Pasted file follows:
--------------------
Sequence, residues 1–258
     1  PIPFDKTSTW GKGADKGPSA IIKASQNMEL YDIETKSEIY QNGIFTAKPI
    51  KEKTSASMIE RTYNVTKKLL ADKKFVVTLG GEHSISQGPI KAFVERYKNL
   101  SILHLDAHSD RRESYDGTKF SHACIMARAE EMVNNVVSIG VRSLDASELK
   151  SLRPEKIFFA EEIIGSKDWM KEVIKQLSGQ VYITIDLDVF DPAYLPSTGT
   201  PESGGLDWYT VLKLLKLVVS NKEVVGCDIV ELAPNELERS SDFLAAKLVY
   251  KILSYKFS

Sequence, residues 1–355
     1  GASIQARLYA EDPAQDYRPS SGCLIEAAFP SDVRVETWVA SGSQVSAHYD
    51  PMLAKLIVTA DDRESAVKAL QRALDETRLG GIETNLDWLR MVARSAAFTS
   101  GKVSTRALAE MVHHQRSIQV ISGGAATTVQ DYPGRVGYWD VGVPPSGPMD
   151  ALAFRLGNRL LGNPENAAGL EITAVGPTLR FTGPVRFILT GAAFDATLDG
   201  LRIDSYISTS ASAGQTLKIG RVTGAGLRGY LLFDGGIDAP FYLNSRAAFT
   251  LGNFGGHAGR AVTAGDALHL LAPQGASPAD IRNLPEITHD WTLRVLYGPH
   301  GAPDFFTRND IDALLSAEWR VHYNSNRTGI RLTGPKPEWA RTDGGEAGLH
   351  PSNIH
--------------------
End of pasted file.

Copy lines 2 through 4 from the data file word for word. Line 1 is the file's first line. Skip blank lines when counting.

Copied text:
     1  PIPFDKTSTW GKGADKGPSA IIKASQNMEL YDIETKSEIY QNGIFTAKPI
    51  KEKTSASMIE RTYNVTKKLL ADKKFVVTLG GEHSISQGPI KAFVERYKNL
   101  SILHLDAHSD RRESYDGTKF SHACIMARAE EMVNNVVSIG VRSLDASELK